Pole, a simple, two-syllable word that says “my heart is with you.” Pole, a simple, two-syllable word that says, “I am holding you, and you are held.” Pole, a simple, two-syllable word that can be said, a word uttered as a sigh that conveys how difficult it is to form words in the face of the unbearable.
We first learn pole as children—it is the word that follows every clumsy fall as we are learning to walk. It is a comfort word, a word of care from our caregivers, from all who extend care. It is a word that changes strangers into caregivers. You will hear a chorus of pole when a child falls down in a public area. There is care. I am sorry for your pain. Your pain is shared.
As children, we learn how to extend care by using this word among ourselves. Sometimes, we use the English “sorry” when a friend falls and gets hurt. We say “sorry” when a strange child get a cut and shows up with a band-aid. Or Elastoplast, as we used to call them. We interchange “sorry” and “pole” to create systems of care. We may be strangers, but we can extend care.
Pole changed when I was seven and the grandfather for whom I’m named died. His house became a chorus of pole. Pole entered with every relative and friend, given unsparingly, unceasingly, to my grandfather’s wives and twelve children. It was a word short enough to be said fourteen times and more if extended to my grandfather’s siblings and grandchildren. Pole multiplied.
Per the Kamusi, pole means “kwa utaratibu; bila ya fujo au nguvu.” With care, without fuss or force. Perhaps we learn this word as children so that we can know how to use it when other words feel impossible to find, impossible to say. Perhaps we learn its brevity so that as grief sits on our chests and chokes our throats, we have just enough breath to exhale pole.
I struggle with the English “condolences.” It stays too long in the mouth, needs too much air, demands too much concentration, feels too formal. Unlike pole, condolences can rarely be used on its own. You must add “you have my” or “I wish you” or “sincerest” or “heartfelt.” Each additional syllable struggles to make it past the heavy chest, the locked throat. I have wondered why English makes it so difficult to extend care.
Sometimes you can use “sorry.” Sometimes, I use “I am so sorry” as the closest I can get to pole. Or, “I am thinking of you.” It’s not that pole cannot be combined with any of these: you search for the right word or, given how grief and mourning steal language, you search for what it’s possible to say. I have said, “pole, I am so sorry.” Or, “pole, I am thinking of you.”
The last few years have felt like an unending chorus of pole. As we age, our parents age. As we start experiencing new aches and less stretch, their bodies become less resilient, less able to heal. As economies become more precarious, we become more vulnerable to mental and physical harm.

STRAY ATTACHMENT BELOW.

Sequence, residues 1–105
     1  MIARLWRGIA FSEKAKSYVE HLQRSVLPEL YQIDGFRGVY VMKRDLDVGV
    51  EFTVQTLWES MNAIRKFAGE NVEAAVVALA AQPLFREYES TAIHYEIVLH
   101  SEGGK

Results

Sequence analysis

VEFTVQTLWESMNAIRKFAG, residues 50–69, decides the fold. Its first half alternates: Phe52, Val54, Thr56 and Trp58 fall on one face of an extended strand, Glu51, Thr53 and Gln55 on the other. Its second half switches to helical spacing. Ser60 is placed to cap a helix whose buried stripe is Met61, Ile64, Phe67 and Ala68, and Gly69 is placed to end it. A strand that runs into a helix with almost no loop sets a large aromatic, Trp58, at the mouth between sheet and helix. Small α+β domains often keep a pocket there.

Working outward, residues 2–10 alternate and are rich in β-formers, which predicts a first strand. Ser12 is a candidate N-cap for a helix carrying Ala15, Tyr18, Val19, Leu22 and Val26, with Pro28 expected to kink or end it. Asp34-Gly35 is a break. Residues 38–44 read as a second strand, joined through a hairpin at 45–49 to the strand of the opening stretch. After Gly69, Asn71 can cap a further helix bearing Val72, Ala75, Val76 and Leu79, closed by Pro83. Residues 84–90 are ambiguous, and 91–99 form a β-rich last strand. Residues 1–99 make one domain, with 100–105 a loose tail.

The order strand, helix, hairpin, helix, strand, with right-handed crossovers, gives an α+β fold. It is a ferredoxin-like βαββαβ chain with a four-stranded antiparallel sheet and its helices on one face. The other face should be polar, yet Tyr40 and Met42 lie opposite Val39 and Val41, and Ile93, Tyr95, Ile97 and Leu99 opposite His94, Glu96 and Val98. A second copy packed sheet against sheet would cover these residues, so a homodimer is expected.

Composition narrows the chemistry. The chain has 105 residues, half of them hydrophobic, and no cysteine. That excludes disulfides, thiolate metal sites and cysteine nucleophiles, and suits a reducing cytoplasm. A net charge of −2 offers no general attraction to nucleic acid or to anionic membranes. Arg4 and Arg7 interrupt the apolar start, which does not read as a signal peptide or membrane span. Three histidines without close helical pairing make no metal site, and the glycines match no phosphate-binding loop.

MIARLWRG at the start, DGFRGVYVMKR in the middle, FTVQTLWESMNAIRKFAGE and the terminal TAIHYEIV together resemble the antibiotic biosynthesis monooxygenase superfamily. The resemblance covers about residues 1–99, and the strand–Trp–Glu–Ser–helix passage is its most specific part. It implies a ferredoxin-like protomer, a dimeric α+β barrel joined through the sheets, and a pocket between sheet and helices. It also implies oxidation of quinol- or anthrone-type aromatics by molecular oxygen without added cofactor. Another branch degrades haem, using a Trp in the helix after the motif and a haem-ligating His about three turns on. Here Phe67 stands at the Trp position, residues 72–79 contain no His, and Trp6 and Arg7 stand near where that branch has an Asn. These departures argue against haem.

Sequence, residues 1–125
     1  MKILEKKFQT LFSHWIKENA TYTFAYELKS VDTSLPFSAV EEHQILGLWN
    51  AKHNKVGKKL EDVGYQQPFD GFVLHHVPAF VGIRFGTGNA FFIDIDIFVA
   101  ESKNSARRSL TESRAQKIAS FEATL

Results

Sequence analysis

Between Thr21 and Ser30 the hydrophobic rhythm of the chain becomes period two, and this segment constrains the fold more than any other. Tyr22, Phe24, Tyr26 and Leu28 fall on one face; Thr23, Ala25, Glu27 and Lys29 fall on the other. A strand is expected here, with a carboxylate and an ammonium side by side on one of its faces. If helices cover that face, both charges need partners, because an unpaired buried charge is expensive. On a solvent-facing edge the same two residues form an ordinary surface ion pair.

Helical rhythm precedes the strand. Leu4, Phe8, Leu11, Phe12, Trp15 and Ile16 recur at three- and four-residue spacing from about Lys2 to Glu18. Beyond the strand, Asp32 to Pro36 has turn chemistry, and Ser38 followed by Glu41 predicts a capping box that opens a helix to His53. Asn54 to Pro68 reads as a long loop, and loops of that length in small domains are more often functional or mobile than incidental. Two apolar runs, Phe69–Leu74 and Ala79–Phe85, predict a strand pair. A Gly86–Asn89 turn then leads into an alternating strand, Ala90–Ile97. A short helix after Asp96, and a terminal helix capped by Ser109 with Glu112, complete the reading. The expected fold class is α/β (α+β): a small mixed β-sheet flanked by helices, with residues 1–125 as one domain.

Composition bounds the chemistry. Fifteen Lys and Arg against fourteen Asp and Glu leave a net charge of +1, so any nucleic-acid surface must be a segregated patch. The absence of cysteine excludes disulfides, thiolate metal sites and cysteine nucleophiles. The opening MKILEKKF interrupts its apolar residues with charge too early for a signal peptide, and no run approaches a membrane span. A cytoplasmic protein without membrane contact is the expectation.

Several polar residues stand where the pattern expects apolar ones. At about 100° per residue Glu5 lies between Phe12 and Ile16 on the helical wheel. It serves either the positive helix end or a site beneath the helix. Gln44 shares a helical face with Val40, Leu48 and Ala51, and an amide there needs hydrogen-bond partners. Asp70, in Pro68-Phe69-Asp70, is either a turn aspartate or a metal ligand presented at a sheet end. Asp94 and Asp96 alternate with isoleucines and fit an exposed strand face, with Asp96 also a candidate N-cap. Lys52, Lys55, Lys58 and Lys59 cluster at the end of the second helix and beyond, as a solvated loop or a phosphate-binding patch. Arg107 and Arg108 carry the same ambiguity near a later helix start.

Holiday seasons—times when loved ones gather—are especially difficult. For some, this year will be the first time they do not receive a phone call or card or email from someone they love. For others, this will be the first year they sit at a family table without that special dish by a now-absent family member. It will be the missing laugh, the out-of-tune singing, the familiar grouchiness. Holidays are hard.
My father died in May 1990. That first holiday season was tough. My sisters were out of the country and kind friends invited us for Christmas dinner. A toast was offered to “those who had gone too soon.” Perhaps the toast was something like that.
When I was seven or eight, he bought me one of those electronic cars-on-tracks set, and spent more time playing it with than I did. He taught me how to enjoy being silly, how to relish play. How to be an adult and be playful. Holidays had a particular flavor, a particular tone, because we were together.
A friend told me recently that I never seemed to enjoy December holidays. It’s because my father wasn’t there.
Each pole I have uttered and written to friends over the past few years has resonated with all the pole in my blood and bones, aged over twenty eight years. It took me ten years to learn how to write about my father, about his life and death, about how I was still learning to live without him. I am still learning.
My mother’s garden is full of comfrey. Comfrey is known as “knitbone.” Per internet lore, a comfrey poultice will help fractured bones to mend. Comfrey is also known as a dynamic accumulator: its deep tap roots harvest minerals from the soil and store them in its broad leaves. If you plant comfrey next to fruit trees, the fruit trees benefit from this nutrition. You can also chop comfrey leaves and place them around plants as a green manure. They grow back quickly.
Pole might be like comfrey. As children, we learn it as a word of care and comfort, as an expression of communal feeling and shared pain. It roots itself in us as we root ourselves in it. Later, when we hear pole, no matter the occasion, that deeply stored sense of comfort, accumulated over time, grown stronger with experience, saturates us: we are held. We are held by the comfort strangers offered us in the past. We are held by the comfort we call family and friends. We are held by the air that resonates with pole, a brief, two-syllable exhalation.
Pole knits. It assembles those who may not have spoken or seen each other for decades. It creates new connections, turning strangers into caregivers. It says that care exists, even and especially when the phone no longer rings, when the laugh no longer sounds, when the chair remains unoccupied.
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